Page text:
The team of scientists of University of Almeria. (Photo: Universidad de Almería)
Marine microalgae biomass production boosted for aquaculture feed
Tuesday, July 16, 2013, 04:20 (GMT + 9)
A team of scientists from the Group of Marine Microalgae Biotechnology of the University of Almería (UA) developed a process to obtain microalgae that increased biomass production that is rich in polyunsaturated fat for aquaculture species.
According to the researchers involved in the study, published in the journal Bioresource Technology and entitled Medium recycling for Nannochloropsis gaditana cultures for aquaculture, the process is cheaper and environmentally friendly.
The scientists selected the alga Nannochloropsis gaditana because it is a good producer of valuable fatty acids and proteins for aquaculture
According to Maria del Carmen Ceron, responsible for the research, this alga contains "omega 3 and omega 6 acids, EPA and DHA, two beneficial fatty acids that are incorporated to the fish fat and, in turn, become part of the human diet."
As part of this initiative bioreactors incorporating improvements to optimize the biomass production process were developed by incorporating fertilizers and the reuse of the farming medium, stated the expert to Fundación Descubre.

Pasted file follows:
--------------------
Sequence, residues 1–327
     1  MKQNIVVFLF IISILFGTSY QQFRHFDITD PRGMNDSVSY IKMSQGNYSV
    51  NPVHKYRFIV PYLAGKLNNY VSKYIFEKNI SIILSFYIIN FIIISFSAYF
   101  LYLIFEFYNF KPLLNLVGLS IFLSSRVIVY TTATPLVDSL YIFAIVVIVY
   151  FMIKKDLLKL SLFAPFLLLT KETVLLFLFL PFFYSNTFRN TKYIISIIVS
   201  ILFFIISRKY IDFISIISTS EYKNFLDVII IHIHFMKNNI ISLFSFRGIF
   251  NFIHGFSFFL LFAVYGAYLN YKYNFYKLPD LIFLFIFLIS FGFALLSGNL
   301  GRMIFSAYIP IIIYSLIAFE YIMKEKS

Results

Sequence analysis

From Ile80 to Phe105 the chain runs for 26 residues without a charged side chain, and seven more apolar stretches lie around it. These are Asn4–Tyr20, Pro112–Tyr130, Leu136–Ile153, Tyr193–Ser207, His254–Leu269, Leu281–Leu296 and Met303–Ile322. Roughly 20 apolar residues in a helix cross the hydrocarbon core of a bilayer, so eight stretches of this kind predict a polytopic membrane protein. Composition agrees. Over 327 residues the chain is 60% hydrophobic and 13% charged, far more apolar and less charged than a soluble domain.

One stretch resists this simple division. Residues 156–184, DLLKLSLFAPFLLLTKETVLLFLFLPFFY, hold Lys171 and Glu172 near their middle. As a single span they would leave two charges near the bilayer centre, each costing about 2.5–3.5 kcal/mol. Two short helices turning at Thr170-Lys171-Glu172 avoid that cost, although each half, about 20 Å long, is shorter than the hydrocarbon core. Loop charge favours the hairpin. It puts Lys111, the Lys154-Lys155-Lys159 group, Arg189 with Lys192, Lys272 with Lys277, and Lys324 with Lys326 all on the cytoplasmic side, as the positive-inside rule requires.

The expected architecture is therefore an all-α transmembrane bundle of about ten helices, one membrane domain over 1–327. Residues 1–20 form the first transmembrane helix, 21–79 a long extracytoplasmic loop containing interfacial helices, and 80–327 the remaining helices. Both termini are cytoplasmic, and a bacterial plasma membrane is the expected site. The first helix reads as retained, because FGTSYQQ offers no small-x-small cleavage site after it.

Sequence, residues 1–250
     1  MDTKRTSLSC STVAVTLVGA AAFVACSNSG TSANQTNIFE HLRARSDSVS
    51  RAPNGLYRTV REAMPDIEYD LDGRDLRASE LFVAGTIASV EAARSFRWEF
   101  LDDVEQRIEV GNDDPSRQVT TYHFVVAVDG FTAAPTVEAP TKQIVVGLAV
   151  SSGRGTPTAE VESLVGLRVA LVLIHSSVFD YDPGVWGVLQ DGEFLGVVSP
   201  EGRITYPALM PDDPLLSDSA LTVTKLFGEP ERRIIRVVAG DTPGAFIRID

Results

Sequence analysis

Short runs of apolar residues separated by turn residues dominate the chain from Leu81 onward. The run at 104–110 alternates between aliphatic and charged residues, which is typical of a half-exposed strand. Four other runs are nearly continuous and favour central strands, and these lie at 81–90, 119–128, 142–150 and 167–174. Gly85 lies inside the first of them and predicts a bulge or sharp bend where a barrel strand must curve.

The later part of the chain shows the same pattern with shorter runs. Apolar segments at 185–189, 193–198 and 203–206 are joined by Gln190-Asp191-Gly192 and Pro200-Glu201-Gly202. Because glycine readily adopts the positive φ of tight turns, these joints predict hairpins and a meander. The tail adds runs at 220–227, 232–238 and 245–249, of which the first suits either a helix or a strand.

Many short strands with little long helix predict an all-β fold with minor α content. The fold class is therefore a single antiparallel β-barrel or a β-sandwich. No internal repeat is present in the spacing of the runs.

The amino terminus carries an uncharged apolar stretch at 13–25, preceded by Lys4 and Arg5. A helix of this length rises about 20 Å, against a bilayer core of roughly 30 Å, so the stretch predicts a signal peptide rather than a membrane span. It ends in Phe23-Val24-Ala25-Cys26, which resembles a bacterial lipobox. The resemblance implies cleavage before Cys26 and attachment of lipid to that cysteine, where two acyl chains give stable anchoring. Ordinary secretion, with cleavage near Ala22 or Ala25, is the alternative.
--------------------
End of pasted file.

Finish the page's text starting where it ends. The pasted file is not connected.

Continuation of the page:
After the addition of fertilizers, the scientists incorporated essential nutrients -- nitrogen and phosphorus -- and micro-nutrients to the water where the microalgae need them to grow.
This formula lowers the cost and keeps the same composition of nutrients needed by the microorganisms.
Furthermore, in order to reduce costs and avoid contamination, UA researchers reuse this water by previously sterilizing it in order to avoid the accumulation of unwanted microorganisms.
The expert panel found that the most effective technique is the ozonation, that is to say, the addition of ozone.
"This method reduces the bacterial load to values that are 1,000 times smaller than they are with other techniques such as initial filtering, chlorination, the addition of hydrogen peroxide or heating," explained Cerón.
"Our technologies favour the production of microorganisms so that all cells of microalgae grow in the most effective way and the quality of the biomass that is intended to aquaculture is boosted," the scientist added.
Finally, UA researchers also participated in the study Process for the biodiesel production involving the Chlorella protothecoides heterotrophic fermentation with glycerol as carbon source, in order to obtain biodiesel.
The novelty of this research is the use of glycerol as an organic substrate.
Ceron stressed that "there has been very high biomass yields and biodiesel productivities equivalent to those reported for the same species but using glucose as carbon source."
By Analia Murias